Around 540 AD, trees almost stopped growing. Flooded bog oaks and timber from the time have very narrow growth rings. This was a global event because it is also recorded in tree rings from Ireland, England, Siberia, North America and South America. Snow fell in Mediterranean Europe and coastal China and there were savage storms in Scandinavia and South America. The sky was dim, there were meteor and comet swarms, flooding was common and, after the famines of the late 530s, the plague attacked Europe between 542 AD and 545 AD….

    The Black Sea froze in 800, 801 and 829 AD. Ice formed on the Nile River. Such freezing has not happened since then. It was very cold.

    Only someone not familiar with the evidence would believe climate change is unique to the present. History tells us that already.

    We really didn’t need a study of non-biting midges to inform us, but it does confirm what other lines of evidence point to.

  18. Rob Vermeulen (02:48:47) :

    i think it is some sort of logical failure to conclude from a warmer past that present warming is not anthropegenic. For all that I know,…

    ____________________________________________

    Rob, the logical failure is to presume that “present warming” (in quotes because even this assumption remains conjectural) is anthropogenic. There is a preponderance of evidence favouring the role of natural events and cycles in natural cycles of global heating. Anthropogenesis is a hypothesis of a hypothesis: that the planet is in fact heating up outside of natural variability and that this heating is caused by man. See the problem developing here? Scientific evidence for AGW is extremely thin on the ground. Many of the proxy assumptions are demonstrably falsifiable (and have been, repeatedly). The role of “GHG” is just another hypothesis; again evidence remains thin that they have a dominant role (as an aside, as a biologist, I find the term “GHG” incredibly “mechanistic”, something my engineering colleagues would come up with in order pigeonhole cause and effect. We biologists much prefer continuums…:).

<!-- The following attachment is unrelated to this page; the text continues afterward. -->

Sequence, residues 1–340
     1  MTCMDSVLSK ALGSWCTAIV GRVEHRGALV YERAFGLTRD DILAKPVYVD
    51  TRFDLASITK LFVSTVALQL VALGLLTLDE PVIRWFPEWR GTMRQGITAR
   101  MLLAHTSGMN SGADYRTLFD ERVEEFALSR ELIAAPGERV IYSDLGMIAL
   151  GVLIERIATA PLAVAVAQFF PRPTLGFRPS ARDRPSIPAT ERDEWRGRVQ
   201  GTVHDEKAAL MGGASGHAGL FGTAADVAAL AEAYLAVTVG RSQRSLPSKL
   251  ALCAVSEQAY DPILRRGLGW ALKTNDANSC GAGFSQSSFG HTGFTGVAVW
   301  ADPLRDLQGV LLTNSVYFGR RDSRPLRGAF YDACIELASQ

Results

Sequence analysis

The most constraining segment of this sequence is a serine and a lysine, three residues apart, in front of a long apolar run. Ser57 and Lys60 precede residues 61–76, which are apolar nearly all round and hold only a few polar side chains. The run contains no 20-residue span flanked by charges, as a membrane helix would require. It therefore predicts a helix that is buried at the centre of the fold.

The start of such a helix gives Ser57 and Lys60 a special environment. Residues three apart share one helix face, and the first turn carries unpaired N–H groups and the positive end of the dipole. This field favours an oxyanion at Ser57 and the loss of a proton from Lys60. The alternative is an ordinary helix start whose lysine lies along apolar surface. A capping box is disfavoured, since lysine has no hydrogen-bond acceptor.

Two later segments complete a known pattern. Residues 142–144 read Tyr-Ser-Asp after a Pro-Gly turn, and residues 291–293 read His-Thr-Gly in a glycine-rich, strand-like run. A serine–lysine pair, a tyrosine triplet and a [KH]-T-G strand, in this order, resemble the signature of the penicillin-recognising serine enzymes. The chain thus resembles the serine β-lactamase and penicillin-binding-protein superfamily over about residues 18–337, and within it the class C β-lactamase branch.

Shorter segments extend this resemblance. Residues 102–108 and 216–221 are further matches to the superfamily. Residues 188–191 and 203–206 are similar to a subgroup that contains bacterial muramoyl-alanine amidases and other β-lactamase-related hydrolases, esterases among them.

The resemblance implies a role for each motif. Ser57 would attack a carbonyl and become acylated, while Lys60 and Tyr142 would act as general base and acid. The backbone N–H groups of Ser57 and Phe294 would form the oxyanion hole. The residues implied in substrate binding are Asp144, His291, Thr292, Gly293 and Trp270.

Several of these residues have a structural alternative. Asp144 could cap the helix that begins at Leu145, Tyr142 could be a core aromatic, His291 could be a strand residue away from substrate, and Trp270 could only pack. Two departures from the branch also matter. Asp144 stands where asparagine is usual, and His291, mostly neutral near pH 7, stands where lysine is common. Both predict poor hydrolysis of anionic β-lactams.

Speaking as biologist, I am very uncomfortable with the use of complex species (ie. anything above a bacterium) as proxies for pretty much anything environmental, especially climate. Adaptability has provided a marvelous ability to most species to accommodate a very wide range of environmental conditions. Limits to how well complex species thrive are themselves complex and not homogenous. Biological systems are inherently chaotic; it stretches credibility to use them for these purposes. Certainly they may be diagnostic, but I would argue, rarely definitive.

  19. Jack Simmons (05:12:18) :

    Paul (05:43:20) :

    It is pointless trying to argue the logic of Rob Vermeulen (02:48:47).

    Fact is, we don’t know what caused the RWP, DACP, MWP & LIA.

    Our logic says that as we don’t know and the timing for the CWP is about right, it’s highly likely that the cause is the same, even if we still don’t know that cause.

    Robs logic is that we still can’t definately exclude CO2. This is true but as the original logic holds water, (natural, unexplained variability), it is not for us to prove we are right, it is for Rob to prove we are wrong & this time it isn’t natural.

    So far, the AGW brigade have failed to disprove natural variability and have gone to extremes to try to prove there is no such variability and even if there was, this time it’s different.

    Hockey anyone?

    DaveE.

  20. Mmmmm.

    Didn’t even get post awaiting moderation :-(

    DaveE.